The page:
Department of Homeland Security Preparedness Grants: A Summary and Issues

Following the September 11, 2001, terrorist attacks, Congress increased focus on state and local homeland security assistance by, among other things, establishing the Department of Homeland Security (DHS) and authorizing DHS to administer federal homeland security grant programs. These homeland security grants have been administered by numerous DHS entities, and these grants have focused on such preparedness activities as assistance to states and localities to prepare and respond to terrorist attacks, securing critical infrastructure such as rail and ports, securing nonprofit (nongovernmental) organizations, and securing high-threat and high-risk urban areas.

If homeland security continues to be of national interest, how homeland security assistance is funded, administered, and allocated will be of importance to Congress. Since Congress would continue to conduct oversight and legislate on homeland security assistance to states and localities, Members may elect to consider policy options that anticipate, as well as react to, future catastrophes.

Throughout the past 15 years, there has been a continued discussion on the number and purpose of the grant programs, state and locality use of grant program funding, and the funding amounts annually appropriated to the grant programs. All of these issues identify a potential need for Congress to continue its debate and consider legislation related to federal homeland security assistance for states and localities and the nation’s overall emergency preparedness. One major issue remains, and is comprised of these other issues, and that is whether or not these grants are effective in assisting states and localities in meeting the national preparedness goals.

Department of Homeland Security Preparedness Grants: A Summary and Issues

October 28, 2016 (R44669)
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Contents

Summary

Following the September 11, 2001, terrorist attacks, Congress increased focus on state and local homeland security assistance by, among other things, establishing the Department of Homeland Security (DHS) and authorizing DHS to administer federal homeland security grant programs. These homeland security grants have been administered by numerous DHS entities, and these grants have focused on such preparedness activities as assistance to states and localities to prepare and respond to terrorist attacks, securing critical infrastructure such as rail and ports, securing nonprofit (nongovernmental) organizations, and securing high-threat and high-risk urban areas.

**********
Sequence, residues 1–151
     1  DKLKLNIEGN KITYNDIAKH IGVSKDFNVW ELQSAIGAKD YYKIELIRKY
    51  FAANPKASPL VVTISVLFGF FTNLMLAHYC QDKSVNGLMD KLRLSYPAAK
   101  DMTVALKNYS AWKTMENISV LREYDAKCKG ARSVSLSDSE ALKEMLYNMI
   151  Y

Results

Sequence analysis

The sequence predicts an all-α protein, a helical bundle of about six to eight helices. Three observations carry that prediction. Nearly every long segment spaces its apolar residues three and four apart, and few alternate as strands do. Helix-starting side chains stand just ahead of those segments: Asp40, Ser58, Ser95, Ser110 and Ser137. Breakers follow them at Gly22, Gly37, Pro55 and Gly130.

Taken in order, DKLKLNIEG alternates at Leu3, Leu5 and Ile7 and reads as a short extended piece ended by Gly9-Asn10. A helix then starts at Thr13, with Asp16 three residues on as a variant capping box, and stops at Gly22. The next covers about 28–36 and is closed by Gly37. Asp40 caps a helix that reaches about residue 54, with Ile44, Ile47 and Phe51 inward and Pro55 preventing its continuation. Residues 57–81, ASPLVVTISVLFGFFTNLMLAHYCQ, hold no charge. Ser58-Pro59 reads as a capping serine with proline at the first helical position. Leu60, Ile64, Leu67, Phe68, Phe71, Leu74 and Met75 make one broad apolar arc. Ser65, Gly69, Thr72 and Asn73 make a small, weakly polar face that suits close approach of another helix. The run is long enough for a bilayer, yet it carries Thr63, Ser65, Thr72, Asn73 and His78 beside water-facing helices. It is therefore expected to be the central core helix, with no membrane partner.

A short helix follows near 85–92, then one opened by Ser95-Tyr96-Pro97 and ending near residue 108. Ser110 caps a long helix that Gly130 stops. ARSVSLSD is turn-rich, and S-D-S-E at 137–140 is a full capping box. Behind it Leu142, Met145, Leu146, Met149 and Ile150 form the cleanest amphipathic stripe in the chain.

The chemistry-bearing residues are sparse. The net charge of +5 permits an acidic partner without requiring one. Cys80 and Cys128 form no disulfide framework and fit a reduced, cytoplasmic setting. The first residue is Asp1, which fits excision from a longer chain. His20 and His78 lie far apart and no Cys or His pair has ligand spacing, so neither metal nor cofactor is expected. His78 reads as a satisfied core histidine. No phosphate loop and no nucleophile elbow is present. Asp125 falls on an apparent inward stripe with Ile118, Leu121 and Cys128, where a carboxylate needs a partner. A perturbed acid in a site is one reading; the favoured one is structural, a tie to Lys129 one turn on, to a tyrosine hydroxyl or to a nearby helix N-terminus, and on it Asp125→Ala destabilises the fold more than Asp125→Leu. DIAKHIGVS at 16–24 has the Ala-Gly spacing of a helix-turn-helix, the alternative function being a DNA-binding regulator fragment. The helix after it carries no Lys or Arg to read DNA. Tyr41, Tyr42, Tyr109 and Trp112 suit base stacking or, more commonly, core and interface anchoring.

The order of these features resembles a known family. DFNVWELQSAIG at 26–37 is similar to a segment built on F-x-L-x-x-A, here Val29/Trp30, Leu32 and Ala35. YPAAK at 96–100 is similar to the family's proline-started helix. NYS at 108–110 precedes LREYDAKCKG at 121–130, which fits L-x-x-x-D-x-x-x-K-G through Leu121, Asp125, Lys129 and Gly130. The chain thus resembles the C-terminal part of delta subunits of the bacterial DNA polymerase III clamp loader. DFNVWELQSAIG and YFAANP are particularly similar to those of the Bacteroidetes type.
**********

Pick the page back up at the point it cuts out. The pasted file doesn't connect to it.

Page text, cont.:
If homeland security continues to be of national interest, how homeland security assistance is funded, administered, and allocated will be of importance to Congress. Since Congress would continue to conduct oversight and legislate on homeland security assistance to states and localities, Members may elect to consider policy options that anticipate, as well as react to, future catastrophes.

Throughout the past 15 years, there has been a continued discussion on the number and purpose of the grant programs, state and locality use of grant program funding, and the funding amounts annually appropriated to the grant programs. All of these issues identify a potential need for Congress to continue its debate and consider legislation related to federal homeland security assistance for states and localities and the nation's overall emergency preparedness. One major issue remains, and is comprised of these other issues, and that is whether or not these grants are effective in assisting states and localities in meeting the national preparedness goals.


Department of Homeland Security Preparedness Grants: A Summary and Issues

Introduction

Congress has enacted legislation and appropriated grant funding to states and localities for homeland security purposes since 1996.1 One of the first programs to provide this type of funding was the Nunn-Lugar-Domenici Program which was established by Congress in the 1996 Department of Defense Reauthorization Act2 and provided assistance to over 150 cities for biological, chemical, and nuclear security. Providing homeland security assistance to states and localities was arguably spurred by the 1993 bombing of the World Trade Center in New York City and the 1995 bombing of the Alfred P. Murrah federal building in Oklahoma City. Following the September 11, 2001, terrorist attacks, Congress increased focus on state and local homeland security assistance by, among other things, establishing the Department of Homeland Security (DHS) and authorizing DHS to administer federal homeland security grant programs.3 This report focuses on the department's homeland security assistance programs for states and localities, but not the department as a whole.4